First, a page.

Poppy seeds contain negligible alkaloid content and have long been considered safe for use in baking, although they may cause a false positive on certain drug tests. The highest content of phenanthrene alkaloids in the poppy plant are found in the seed pods; the seeds themselves have much lower concentrations [4]. The opioid concentrations found in poppy seeds come primarily from the alkaloid residue retained on the seeds, which is why “unwashed” is an important marketing term for poppy seed purveyors. The opioid concentration of poppy seed tea varies widely, as it is based on the amount of alkaloid residue on the seeds, the quantity of seeds used, how the tea is prepared, and how much tea an individual consumes. Recipes for poppy seed tea call for soaking a large quantity of seeds for up to 12 h; soaking may be done in water or in lemon juice.

The morphine, codeine, and thebaine content in poppy seed tea was analyzed by liquid chromatography-tandem mass spectrometry and found a morphine concentration of < 1–2788 mg/kg, a codeine concentration of < 1–247.6 mg/kg, and a thebaine concentration of < 1–124 mg/kg with alkaloid yields varying depending on extraction method. This suggests that high, potentially lethal doses of morphine can be found in poppy seed tea [5].

Cases of Poppy Seed Tea Dependence from the Literature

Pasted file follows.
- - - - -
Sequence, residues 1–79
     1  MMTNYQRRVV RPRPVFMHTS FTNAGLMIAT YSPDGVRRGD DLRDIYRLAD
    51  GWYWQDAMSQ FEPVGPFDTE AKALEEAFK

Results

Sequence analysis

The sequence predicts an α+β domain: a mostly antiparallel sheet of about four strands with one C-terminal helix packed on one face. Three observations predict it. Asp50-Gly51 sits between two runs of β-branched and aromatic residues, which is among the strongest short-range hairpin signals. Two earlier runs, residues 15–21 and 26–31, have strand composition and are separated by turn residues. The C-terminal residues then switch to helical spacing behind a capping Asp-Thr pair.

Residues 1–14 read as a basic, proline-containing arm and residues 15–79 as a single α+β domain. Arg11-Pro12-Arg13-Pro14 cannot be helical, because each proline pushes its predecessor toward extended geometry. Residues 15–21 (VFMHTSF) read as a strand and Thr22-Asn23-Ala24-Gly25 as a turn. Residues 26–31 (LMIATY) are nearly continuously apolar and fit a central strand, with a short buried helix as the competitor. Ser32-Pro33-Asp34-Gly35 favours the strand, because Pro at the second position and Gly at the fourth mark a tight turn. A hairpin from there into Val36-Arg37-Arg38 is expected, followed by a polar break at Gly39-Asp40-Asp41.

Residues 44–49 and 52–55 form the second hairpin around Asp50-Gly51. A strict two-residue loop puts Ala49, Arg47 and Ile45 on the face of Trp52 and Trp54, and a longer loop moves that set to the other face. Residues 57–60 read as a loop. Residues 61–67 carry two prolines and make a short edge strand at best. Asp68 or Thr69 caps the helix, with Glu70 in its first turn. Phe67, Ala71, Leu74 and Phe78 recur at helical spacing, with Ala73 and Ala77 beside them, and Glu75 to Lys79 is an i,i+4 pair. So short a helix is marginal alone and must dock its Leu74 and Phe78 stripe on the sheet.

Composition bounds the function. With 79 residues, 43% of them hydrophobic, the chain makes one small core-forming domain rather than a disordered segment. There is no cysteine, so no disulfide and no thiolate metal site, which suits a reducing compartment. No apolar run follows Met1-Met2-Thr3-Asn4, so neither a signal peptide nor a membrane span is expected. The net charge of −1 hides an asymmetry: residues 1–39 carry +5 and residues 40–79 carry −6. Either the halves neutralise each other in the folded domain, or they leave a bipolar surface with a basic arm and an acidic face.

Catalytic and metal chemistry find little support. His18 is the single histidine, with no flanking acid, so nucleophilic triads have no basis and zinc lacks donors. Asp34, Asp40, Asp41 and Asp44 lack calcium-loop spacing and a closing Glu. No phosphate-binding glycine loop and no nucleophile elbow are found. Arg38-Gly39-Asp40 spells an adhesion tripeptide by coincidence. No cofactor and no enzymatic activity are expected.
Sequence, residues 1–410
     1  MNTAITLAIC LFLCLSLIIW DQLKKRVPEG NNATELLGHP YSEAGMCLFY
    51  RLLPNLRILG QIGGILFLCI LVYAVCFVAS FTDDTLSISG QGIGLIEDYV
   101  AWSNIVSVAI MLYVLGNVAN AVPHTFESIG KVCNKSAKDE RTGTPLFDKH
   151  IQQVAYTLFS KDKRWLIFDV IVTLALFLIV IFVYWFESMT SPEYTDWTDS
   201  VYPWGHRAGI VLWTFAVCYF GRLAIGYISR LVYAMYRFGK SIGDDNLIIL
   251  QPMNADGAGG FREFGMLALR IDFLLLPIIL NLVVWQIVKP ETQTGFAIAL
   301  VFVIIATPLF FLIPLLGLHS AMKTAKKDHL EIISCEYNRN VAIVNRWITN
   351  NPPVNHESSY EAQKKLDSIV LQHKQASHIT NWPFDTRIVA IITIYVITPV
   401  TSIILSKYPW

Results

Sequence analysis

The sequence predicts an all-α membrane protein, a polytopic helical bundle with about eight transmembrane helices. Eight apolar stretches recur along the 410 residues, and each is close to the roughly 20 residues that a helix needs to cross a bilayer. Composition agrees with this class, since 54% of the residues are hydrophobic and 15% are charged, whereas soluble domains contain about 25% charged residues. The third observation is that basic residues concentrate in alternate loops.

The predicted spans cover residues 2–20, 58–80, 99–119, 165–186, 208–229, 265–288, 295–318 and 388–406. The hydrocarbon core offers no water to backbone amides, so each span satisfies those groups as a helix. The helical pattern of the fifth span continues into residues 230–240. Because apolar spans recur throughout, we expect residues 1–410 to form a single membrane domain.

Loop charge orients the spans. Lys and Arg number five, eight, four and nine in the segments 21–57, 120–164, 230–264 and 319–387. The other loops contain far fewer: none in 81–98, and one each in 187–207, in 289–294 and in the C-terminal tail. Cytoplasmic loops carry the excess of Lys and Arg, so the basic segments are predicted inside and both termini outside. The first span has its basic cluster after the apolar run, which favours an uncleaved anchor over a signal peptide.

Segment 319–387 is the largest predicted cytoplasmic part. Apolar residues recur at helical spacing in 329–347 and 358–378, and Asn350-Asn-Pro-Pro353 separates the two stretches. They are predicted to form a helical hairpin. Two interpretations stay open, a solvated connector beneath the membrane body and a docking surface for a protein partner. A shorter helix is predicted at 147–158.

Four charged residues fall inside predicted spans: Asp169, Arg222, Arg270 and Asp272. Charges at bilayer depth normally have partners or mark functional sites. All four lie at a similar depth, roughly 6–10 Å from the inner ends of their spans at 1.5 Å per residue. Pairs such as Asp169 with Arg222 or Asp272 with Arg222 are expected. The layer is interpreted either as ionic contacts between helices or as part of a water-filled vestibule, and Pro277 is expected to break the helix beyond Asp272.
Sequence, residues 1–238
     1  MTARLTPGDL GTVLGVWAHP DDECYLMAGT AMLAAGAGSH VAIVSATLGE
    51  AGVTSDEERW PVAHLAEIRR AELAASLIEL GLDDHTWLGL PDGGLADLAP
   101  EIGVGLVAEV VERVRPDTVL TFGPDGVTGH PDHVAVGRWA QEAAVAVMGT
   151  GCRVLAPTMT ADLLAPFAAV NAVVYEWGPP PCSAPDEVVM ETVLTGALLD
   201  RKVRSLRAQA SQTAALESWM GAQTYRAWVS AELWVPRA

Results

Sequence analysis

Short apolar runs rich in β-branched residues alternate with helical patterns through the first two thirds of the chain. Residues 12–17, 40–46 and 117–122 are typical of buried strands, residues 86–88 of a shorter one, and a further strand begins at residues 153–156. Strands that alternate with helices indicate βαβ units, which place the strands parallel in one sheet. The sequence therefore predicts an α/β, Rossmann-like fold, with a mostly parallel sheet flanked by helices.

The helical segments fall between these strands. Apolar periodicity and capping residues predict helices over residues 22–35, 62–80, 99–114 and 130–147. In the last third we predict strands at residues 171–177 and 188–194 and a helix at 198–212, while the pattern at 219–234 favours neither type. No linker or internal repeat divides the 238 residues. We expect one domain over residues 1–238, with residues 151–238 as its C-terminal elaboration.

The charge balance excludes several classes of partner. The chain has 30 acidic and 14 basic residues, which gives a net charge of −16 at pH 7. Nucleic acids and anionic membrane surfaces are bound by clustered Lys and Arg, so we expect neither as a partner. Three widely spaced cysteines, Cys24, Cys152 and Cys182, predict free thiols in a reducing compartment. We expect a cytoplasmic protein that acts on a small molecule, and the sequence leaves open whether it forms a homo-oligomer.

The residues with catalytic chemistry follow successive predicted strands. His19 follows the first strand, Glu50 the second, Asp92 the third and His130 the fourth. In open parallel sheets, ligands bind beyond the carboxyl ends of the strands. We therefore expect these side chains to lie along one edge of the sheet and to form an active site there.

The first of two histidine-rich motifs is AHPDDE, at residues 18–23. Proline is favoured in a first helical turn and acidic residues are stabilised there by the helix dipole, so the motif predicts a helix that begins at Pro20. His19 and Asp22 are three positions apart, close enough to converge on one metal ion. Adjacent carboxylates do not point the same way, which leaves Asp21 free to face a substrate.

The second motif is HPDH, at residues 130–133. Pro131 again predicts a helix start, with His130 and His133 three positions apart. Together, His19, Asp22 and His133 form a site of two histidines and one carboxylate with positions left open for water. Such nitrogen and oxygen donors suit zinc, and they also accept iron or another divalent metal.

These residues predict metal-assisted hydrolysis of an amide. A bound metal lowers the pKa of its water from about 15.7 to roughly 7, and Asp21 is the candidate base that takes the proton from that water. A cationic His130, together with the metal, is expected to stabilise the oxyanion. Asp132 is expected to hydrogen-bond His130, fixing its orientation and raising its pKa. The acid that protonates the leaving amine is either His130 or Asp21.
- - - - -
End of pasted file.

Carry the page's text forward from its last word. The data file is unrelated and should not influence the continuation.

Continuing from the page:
There is a paucity of literature on poppy seed tea but the approximately dozen articles on the topic relate mainly to case studies of poppy seed tea dependence. An 82-year-old widow in India presented to a clinic with a 55-year history of opium use, starting with an opium candy used to relieve pain after the birth of her fourth child. Over the years, she learned to make a tea from dried poppy pods; she consumed 1 to 2 l of this beverage daily and her family brought her for treatment when poppy pods were no longer available to her and she underwent withdrawal symptoms, rated 26 on the Clinical Opioid Withdrawal Scale (COWS). She underwent detoxification under medical supervision and was then started on opioid maintenance therapy with 0.4 mg of buprenorphine and counseling. She was followed for 1 year and had experienced no relapse [6].

In another case report in the literature, a 43-year-old woman in Australia presented at a drug treatment center; she had been an intravenous (IV) heroin user who migrated to poppy seed tea about 10 years earlier to manage her addiction. Over the decade, she had increased her consumption to the point where she was using 5 or 6 kg of poppy seeds per week to make her tea, which she only took orally. She had tried to stop using poppy seed tea on her own, with counseling, and in residential treatments but had never been successful. Each time she discontinued poppy seed tea she experienced withdrawal symptoms of diarrhea, vomiting, sweating, anxiety, and rhinorrhea. The patient was started on buprenorphine maintenance and has been successful in maintaining this regimen [7].